What data science can learn from the LGBTQIA+ Community.

One of the first things we learn at data science 101 is how gender is a 'flag' variable; a binary relationship of 1 and 0 to represent either male or female. As a matter of fact, during data validation, data that does not constitute as 1 or 0 is viewed as an erroneous entry.

Yet the truth of our reality is how the conversation of gender has shifted from extreme-end values to a spectrum of identities. So should data science keep up with the times?

The primary goal of data science is to interpret data and generate insights, answering questions in the most efficient way possible. It adheres to the principle of parsimony that dictates that a theory should provide the simplest possible (viable) explanation for a phenomenon, as such with something as diverse as the LGBTQIA+ community, data science has yet to evolve its language to ethically represent the conversation (O'Neil, C., 2016).

Last Thursday, SG Narratives held a Pride workshop called the Finding the Common in Community, together with WeWork Singapore. The workshop aims to find the common in the community and build a culture and understanding of inclusiveness, no matter your background or orientation.

As an icebreaker activity, one that immediately brings our participants to the spirit of the workshop, we designed a chart that plots a person's gender expression and sexual attraction. Across the graph, we drew an asexual line, crossing starkly against a backdrop of a community that often excludes the A in LGBTQIA+ community.

Gender expression and Sexual attraction; a Graphical Conversation

The intent was to grow beyond our heteronormative boxes of male or female, a zero-sum identification to fit a person's identity to a societally accepted normative. While some might argue the necessities of such identification (efficiency such as the research purported in Bresnick, J. 2016), one must also consider that such narrative lack nuances of a person's life, depending on the objectives of such analysis.

Even then, when we worked through the graph, we had constant discussions about representing transexuals, gender fluidity, and demi-sexuality.

At one point of time, a participant (now a friend) took a marker and wrote transexual in the graph before placing herself on it. The graph began to shift the room to conversations of struggles and identities. One participant recounted his story of fearing rejection from his religious family for being gay. Another participant related to his struggle and offered words on consult.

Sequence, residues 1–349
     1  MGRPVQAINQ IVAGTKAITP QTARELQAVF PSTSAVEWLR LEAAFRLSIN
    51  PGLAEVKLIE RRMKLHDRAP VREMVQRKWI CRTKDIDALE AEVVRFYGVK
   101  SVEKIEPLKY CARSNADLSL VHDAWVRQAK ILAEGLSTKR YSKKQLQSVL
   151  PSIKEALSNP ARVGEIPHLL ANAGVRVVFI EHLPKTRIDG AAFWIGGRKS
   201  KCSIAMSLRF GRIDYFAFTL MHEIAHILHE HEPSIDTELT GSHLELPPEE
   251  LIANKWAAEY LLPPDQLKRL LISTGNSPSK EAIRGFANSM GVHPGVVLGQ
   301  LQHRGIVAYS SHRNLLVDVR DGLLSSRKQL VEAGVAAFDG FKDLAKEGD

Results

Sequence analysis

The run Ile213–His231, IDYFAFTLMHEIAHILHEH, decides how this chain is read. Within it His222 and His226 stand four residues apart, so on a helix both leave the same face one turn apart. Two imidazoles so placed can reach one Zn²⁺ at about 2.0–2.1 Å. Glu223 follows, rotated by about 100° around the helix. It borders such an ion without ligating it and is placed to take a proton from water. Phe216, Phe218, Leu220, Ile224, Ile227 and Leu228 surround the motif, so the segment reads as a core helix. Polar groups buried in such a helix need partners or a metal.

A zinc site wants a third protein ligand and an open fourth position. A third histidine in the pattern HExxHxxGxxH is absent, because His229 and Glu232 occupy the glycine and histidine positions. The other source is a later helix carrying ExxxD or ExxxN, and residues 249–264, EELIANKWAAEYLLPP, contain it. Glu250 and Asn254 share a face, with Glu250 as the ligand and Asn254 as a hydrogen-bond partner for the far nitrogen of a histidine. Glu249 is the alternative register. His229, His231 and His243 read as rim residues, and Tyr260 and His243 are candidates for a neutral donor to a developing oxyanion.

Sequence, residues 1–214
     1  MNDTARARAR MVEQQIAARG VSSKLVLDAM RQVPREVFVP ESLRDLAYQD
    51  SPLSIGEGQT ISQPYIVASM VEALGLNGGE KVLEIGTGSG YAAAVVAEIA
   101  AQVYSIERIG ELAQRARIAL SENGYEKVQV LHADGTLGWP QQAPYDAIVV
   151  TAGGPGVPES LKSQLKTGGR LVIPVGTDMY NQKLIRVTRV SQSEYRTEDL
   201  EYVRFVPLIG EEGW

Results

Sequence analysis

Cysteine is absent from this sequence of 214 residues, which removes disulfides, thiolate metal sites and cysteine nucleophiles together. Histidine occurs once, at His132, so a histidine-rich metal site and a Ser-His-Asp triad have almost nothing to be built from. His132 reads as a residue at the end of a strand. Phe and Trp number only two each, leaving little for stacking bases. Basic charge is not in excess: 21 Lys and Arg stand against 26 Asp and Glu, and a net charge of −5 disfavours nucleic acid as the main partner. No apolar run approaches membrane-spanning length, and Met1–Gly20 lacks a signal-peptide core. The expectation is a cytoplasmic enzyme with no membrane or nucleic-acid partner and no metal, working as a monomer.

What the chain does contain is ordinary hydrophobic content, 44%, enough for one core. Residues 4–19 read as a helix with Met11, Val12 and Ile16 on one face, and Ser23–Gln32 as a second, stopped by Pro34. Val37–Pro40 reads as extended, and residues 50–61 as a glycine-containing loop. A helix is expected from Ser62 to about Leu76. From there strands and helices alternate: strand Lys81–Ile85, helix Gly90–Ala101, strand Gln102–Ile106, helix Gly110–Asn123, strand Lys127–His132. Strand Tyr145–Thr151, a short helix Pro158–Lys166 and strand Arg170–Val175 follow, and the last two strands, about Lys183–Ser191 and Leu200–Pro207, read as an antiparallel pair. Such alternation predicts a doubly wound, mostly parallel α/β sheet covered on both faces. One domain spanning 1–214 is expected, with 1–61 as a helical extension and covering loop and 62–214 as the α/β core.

At SG Narratives, we believe that in return for bearing your souls to a safe space, people might identify with these stories, and these connections resonate. It might not solve the entirety of their challenges but practising empathy is healing and liberating on the storyteller and the empathiser.

It is these conversations that data science, at its efficiency, risk missing out on*. If technology is capable of innovating its language to include these conversations, we would gather better insights into humanity at its best and its most vulnerable.

It all begins by providing a safe space to empathise and turn these conversations into data, no matter how constellated and diverse, just like star stickers across a map; a very flawed map but the start of practising empathy.

Happy Pride! 🏳️‍🌈


1. O'Neil, C. (2016). Slate’s Use of Your Data. [online] Slate Magazine. Available at: https://slate.com/technology/2016/02/how-to-bring-better-ethics-to-data-science.html [Accessed 4 Feb. 2016].

2. Bresnick, J. (2016). Big Data Shows Gender-Based Medical Error, Patient Safety Patterns. [online] HealthITAnalytics. Available at: https://healthitanalytics.com/news/big-data-shows-gender-based-medical-error-patient-safety-patterns [Accessed 22 Sep. 2016].

*Author's Notes

It is important to note that the opinions of this article are not to dispute the relevance of such research where such practices of gender identification are necessary, depending on the intent of the analytics. However, for other intents and purposes, such practices may limit the insights significantly and require a review of inclusion and representation.

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